Published at LXer:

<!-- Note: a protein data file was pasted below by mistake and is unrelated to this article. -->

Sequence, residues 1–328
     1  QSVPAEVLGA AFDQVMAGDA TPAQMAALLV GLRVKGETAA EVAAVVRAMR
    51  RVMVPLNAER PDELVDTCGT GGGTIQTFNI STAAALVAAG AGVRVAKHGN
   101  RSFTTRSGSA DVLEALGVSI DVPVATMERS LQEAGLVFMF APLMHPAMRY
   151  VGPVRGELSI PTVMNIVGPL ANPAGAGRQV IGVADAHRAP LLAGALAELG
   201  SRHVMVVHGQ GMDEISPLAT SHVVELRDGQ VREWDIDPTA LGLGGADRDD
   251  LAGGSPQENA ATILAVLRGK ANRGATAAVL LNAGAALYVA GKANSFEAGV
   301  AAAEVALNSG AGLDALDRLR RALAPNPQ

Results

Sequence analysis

In 2003, Sun Microsystems released the Sun Java Desktop System, a Linux operating system (based on SuSe Linux - a Novell company) with the look and feel of Windows, bundled with the StarOffice suite, a productivity suite comparable to Microsoft's Office. Later that year, Sun announced that it had struck a deal with the China Standard Software Company, a consortium of Chinese tech companies supported by the government, to install between half a million and million installs of the JDS on Chinese computers, making it the largest Linux OS install base in the world. The end goal of that project would see some 500 million installs, which would be a remarkable coup for Sun. The JDS is essentially sold at the rate of $100 per employee per year, or half for licensed users of the Sun Java Enterprise System. With all the interest in the OS and office productivity suite package, someone had to come up with a book to take IT enthusiasts along for the ride. O'Reilly Media's Exploring the JDS Linux Desktop, by Tom Adelstein and Sam Hiser, is an ideal introduction for the novice to more advanced user, especially since it is packaged with a live CD-ROM that lets you run the OS from RAM without installing it on your computer. The book is clearly designed for getting people up and running on JDS fast, so while it will be of great interest to hobbyists and employees who have been switched over, it's not designed to make the reader a systems engineer or serious administrator. It's also one of the few JDS books that I've found on Amazon.com.